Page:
“What we are planning to do is look at, for example, sales statistics for pharmaceuticals and personal care products to see which ones of these various compounds are sold in the largest quantities and then to consider their structure and which of them could accumulate in a swimming pool and might react with chlorine to produce other compounds,” he said.

In the previous research led by Blatchley, it was shown that uric acid in urine generates potentially hazardous “volatile disinfection byproducts” in swimming pools by interacting with chlorine. The disinfection byproducts include cyanogen chloride (CNCl) and trichloramine (NCl3). Cyanogen chloride is a toxic compound that affects many organs, including the lungs, heart and central nervous system by inhalation. Trichloramine has been associated with acute lung injury in accidental, occupational, or recreational exposures to chlorine-based disinfectants.

The previous research suggested that about 93 percent of uric acid introduced to pools comes from human urine.

Writer: Emil Venere, 765-494-4709, venere@purdue.edu

Source: Ernest R. Blatchley III, (765) 494-0316, blatch@ecn.purdue.edu

Related websites: Ernest R. Blatchley III | CDC Healthy Swimming

Abstract

The Presence of Pharmaceuticals and Personal Care Products in Swimming Pools

ShihChi Weng, † Peizhe Sun, ‡ Weiwei Ben, ‡, § Ching-Hua Huang, ‡ Lester T. Lee, † and Ernest R. Blatchley III*, †, ∥

† Lyles School of Civil Engineering, Purdue University

‡ School of Civil and Environmental Engineering, Georgia Institute of Technology

§ Research Center for Eco-Environmental Sciences, Chinese Academy of Sciences, Beijing

∥ Division of Environmental and Ecological Engineering Authors ... * and Ernest R. Blatchley III 2

² School of Civil Engineering, Purdue University

* Corresponding author: *E-mail: blatch@purdue.edu

The introduction of pharmaceuticals and personal care products (PPCPs) into the environment can be partially attributed to discharges of human wastes, which is also relevant in swimming pool settings. Little or no information exists to address this issue in the literature. Therefore, experiments were conducted to examine the presence and behavior of PPCPs in swimming pools. Among 32 PPCPs amenable to analysis by an available method, N,N-diethyl-m-toluamide (DEET), caffeine, and tri(2-chloroethyl)-phosphate (TCEP) were found to be present in measurable concentrations in pool water samples. Examination of the degradation of selected PPCPs by chlorination illustrated differences in their stability in chlorinated pools. These results, as well as literature information regarding other attributes of PPCPs, indicate characteristics of these compounds that could allow for their accumulation in pools, including slow reaction with chlorine, little potential for liquid → gas transfer, and slow metabolism by humans (among orally ingested PPCPs). The findings of this study also suggest the potential for accumulation of topically applied PPCP compounds in pools. More generally, the results of this study point to the importance of proper hygiene habits of swimmers. The potential for the accumulation of PPCPs in pools raises questions about their fate and the risks to swimming pool patrons.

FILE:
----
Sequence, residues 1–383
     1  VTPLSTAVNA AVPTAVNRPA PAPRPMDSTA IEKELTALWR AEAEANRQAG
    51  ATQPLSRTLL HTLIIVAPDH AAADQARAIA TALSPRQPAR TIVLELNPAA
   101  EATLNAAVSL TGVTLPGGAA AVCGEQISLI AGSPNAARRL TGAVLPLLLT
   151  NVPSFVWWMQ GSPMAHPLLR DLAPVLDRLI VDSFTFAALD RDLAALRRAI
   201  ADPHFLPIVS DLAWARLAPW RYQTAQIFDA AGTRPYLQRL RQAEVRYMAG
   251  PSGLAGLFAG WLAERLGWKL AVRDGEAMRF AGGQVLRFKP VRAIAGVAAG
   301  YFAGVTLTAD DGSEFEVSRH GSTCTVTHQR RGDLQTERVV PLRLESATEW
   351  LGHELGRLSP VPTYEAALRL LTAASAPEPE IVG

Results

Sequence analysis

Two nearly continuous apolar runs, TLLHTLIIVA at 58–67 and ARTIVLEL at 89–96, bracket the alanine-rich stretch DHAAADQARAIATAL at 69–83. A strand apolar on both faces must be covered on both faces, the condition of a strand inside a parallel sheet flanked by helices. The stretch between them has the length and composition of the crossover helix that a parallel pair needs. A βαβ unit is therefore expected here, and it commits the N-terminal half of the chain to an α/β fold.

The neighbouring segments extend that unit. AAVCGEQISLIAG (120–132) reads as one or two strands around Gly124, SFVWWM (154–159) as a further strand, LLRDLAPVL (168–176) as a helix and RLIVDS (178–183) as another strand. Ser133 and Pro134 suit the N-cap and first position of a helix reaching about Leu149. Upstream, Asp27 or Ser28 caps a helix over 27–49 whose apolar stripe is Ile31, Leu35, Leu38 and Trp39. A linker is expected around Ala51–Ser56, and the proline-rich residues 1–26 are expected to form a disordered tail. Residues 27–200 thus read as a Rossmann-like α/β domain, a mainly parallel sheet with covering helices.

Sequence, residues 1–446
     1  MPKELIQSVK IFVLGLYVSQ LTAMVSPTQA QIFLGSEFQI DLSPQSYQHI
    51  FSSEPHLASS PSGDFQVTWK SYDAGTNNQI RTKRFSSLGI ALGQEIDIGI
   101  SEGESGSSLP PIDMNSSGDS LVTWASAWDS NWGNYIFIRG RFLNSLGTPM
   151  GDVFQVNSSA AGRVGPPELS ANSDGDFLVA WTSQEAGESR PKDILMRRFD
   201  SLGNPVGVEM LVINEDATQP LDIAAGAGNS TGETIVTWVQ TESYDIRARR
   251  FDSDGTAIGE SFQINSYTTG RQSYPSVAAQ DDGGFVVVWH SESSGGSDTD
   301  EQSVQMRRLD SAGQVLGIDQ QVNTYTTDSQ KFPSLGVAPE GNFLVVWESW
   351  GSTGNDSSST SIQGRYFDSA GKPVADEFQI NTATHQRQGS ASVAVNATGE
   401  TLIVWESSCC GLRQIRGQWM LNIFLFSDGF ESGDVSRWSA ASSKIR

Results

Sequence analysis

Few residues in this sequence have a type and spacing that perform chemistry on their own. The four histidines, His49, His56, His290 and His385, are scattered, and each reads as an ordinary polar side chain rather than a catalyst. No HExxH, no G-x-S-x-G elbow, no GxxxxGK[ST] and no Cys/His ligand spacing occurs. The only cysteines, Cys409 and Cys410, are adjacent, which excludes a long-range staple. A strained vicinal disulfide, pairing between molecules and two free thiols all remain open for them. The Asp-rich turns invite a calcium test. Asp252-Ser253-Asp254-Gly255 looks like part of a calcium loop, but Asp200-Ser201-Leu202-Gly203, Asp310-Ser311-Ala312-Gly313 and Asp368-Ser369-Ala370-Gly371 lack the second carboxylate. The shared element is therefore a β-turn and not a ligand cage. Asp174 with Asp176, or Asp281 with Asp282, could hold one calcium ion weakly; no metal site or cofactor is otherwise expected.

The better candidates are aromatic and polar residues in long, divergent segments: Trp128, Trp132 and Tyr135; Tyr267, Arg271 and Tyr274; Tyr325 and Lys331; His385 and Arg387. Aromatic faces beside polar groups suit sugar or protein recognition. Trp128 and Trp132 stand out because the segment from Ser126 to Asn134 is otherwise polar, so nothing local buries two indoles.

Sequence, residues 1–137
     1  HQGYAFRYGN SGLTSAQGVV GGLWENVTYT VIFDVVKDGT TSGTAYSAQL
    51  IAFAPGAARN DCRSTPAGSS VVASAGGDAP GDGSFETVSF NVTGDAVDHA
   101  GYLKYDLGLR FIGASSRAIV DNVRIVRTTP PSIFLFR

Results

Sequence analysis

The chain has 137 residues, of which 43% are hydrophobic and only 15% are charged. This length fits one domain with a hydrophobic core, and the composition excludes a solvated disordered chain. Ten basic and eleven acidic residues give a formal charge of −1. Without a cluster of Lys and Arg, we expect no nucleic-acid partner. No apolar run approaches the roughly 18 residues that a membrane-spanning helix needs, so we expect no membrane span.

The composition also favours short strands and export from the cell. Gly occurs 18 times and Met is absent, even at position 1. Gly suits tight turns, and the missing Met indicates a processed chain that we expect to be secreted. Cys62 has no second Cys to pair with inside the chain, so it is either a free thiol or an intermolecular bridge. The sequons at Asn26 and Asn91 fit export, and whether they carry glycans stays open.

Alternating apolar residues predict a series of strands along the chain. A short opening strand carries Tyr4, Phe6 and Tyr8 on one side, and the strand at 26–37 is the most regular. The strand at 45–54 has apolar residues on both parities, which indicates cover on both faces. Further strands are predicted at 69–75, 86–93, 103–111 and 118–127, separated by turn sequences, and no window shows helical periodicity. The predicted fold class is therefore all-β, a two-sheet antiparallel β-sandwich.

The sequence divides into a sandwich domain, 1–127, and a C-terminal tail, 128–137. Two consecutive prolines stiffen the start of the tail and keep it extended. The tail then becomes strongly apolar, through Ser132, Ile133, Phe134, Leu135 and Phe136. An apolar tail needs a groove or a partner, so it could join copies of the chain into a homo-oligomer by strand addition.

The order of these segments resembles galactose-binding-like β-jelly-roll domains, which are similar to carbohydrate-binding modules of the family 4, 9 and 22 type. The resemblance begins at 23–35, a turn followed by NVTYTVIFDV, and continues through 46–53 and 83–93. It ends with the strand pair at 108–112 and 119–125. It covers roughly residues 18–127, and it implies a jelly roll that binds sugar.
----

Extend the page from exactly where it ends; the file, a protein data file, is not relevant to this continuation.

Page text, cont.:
Event: Subsea Hydrocarbon Release Hazards

11 March 2015 in Aberdeen and 12 March 2015 in London & via Webcast

Our forthcoming event will be a half-day Technical Meeting covering “Subsea Hydrocarbon Release Hazards”. It will be held on Wednesday, 11 March 2015 in Aberdeen and on Thursday, 12 March 2015 in London & via Webcast.

A large proportion of this event will be dedicated to the dissemination of the results from the SURE Joint Industry Project. The event will take place between 12.15 and 17.00 (between 13.15 and 17.00 UK time for the webcast.

Members of most engineering institutions can count FABIG events as Continuing Professional Development (CPD). Attendance certificates are issued to delegates upon request.